Magnum Foundation

News

PhotoEx Takeaways: Expanding the Conversation One Question at a Time

tumblr_inline_newbstVXW41r6gwxa.jpg

In one day, the 2nd annual Photography, Expanded symposium covered topics and raised issues that an entire industry has undoubtedly been grappling with for years. With the wide proliferation of emerging technologies comes an increasing need to adopt new strategies to sustain the quality and lifespan of the stories we produce. The crowd, presenters, panelists and moderators all generously shared their success, as well as their challenges, in attempts to navigate both the seemingly endless platforms and storytelling vehicles available to them – and the financial resources that are not.

“It would be impossible to summarize this day,” Magnum Foundation president Susan Meiselas said in closing. “It’s a big responsibility to not only get this conversation going, but to stimulate it.” In an attempt to both stimulate and sustain the conversation, and to boil down some of the big ideas and pressing problems currently facing photographers and visual storytellers, Meiselas called on the PhotoEx audience and thought-leaders in the field to share what they felt were the most important things they gained from the weekend’s conversations, and the biggest questions that still lie ahead.

Audience Takeaways:

  • Mobile technology is assuming a more significant role as a gateway to longer form stories. Whats the next step in this development? How can we more extensively integrate mobile technology into long form stories?
     
  • Form follows function. The story should always dictate the technological platform it is presented on. And oftentimes less is more – technology for technology’s sake will not benefit the story or the subject matter.
     
  • Collaboration and strategy. Creating images and video is just the beginning. It takes teamwork and cross-media brainpower to create the interactive projects we’ve seen featured today.
     
  • The misuse and manipulation of images is frequent in the digital space. Is it possible to exert control on how images are contextualized on the Internet? What safeguards can we rely on to make sure bona fide material is not misappropriated?
     
  • Long form storytelling is still alive! In the age of memes and character limits, it’s still possible to summon attention through in-depth and long form projects. How can we better harness mainstream social media trends to promote and reinforce the larger story?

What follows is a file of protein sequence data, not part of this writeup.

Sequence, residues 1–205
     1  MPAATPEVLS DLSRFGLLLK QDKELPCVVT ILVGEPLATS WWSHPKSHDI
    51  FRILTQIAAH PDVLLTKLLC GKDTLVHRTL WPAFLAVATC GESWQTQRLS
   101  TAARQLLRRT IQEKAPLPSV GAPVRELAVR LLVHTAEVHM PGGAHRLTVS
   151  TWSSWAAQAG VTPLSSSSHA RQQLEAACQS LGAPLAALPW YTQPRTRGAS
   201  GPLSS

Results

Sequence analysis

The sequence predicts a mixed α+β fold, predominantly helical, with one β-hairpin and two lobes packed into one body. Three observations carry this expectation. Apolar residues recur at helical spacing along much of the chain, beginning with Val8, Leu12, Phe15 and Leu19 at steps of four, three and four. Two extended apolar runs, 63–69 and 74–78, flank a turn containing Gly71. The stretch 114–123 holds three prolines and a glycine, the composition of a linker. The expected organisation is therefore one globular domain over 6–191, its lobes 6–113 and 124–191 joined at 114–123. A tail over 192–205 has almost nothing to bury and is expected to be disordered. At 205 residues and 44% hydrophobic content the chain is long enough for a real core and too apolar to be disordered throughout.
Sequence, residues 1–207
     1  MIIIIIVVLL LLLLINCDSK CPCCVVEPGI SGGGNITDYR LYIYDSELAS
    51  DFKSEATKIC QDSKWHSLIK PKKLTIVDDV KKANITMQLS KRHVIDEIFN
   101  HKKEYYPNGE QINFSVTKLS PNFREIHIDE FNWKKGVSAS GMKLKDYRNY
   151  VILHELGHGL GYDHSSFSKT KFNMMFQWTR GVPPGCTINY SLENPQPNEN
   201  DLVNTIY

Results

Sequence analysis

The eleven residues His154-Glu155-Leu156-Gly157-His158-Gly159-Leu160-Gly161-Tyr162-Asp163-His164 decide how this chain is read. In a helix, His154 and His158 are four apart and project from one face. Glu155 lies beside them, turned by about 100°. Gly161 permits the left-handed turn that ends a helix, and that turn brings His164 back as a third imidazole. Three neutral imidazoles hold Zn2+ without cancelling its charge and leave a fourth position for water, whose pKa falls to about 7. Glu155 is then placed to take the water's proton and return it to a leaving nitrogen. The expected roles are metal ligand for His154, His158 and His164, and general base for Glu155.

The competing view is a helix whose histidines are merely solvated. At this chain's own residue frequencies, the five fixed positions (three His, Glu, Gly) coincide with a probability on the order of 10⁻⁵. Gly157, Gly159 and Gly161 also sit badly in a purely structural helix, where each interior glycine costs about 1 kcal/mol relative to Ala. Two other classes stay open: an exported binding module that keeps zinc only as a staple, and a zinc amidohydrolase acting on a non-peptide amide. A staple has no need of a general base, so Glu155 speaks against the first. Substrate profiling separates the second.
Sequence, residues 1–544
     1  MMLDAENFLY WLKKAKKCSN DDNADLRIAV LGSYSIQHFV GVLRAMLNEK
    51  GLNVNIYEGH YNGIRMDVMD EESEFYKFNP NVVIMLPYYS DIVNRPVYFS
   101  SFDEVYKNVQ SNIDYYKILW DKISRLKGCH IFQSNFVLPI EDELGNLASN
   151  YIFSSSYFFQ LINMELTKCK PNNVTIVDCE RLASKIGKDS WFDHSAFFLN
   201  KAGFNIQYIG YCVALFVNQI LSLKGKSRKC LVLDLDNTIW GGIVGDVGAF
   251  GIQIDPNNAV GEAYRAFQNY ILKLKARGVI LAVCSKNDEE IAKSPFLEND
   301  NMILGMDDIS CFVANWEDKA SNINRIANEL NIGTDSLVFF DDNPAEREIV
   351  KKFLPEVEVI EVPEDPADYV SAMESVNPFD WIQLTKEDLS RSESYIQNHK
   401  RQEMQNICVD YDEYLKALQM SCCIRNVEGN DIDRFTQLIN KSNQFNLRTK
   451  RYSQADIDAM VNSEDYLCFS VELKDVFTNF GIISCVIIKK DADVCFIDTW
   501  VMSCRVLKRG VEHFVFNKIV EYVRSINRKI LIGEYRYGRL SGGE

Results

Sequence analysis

• This field is for all of us.  This symposium, unlike other gatherings in the realm of technology and journalism, is not a gendered environment - there are just as many women here who are as interested, competent and able as men.

Susan left the audience with an inspiring directive: “Keep creating the dreams you have and do whatever you have to do to do it.”

The day after the symposium, PhotoEx panelists and other experts from the field gathered to talk through some of the wider and more theoretical considerations of conceptualizing, distributing and quantifying impacts of documentary storytelling. Broadly focused on the diverging paradigms of traditional, NGO and independent reporting, the discourse centered on these integral questions:

  • How do we define ourselves, and how do those terms (advocate, activist, artist, independent, freelancer, etc.), effect the access we’re given and the work we’re able to produce?
     
  • Who is our audience, and how are we reaching them? Is it better to push our work to huge, unknown audiences, or is it more effective to target smaller audiences who we know will be interested and engaged in our work?
     
  • How are we funding this work (NGOs, traditional media, grants and foundations) and do we have responsibilities to our funders? How do we prioritize responsibilities to our audience and to our subjects?
     
  • How do we get people to pay attention to pressing issues that are seemingly fatigued, such as climate change?
     
  • Where does credibility come from – transparency, curation, youth
     
  • Are there best practices or guidelines we could collectively establish? Or does standardization impose limits on work that crosses multiple platforms/approaches/medias/mediums?

This is the sixth and final post in a series recapping and reconsidering the issues and ideas presented at the PhotoEx symposium. Please keep up-to-date on PhotoEx programming and resources on Facebook and join the #PhotoEx dialogue on Twitter.

Written by Krystal Grow

Krystal Grow is an arts writer, photo editor and producer based in New York. She has written for TIME LightBoxTIME.comLIFE.com, the New York TimesLens BlogStranger Than Fiction, and the DOC NYC blog. Follow her onTwitter and Instagram @kgreyscale.

Katerina Voegtle